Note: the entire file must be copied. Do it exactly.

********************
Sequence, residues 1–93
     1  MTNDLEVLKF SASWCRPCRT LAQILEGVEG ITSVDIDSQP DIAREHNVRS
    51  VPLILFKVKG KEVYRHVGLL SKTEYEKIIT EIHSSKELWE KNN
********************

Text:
Sequence, residues 1–93
     1  MTNDLEVLKF SASWCRPCRT LAQILEGVEG ITSVDIDSQP DIAREHNVRS
    51  VPLILFKVKG KEVYRHVGLL SKTEYEKIIT EIHSSKELWE KNN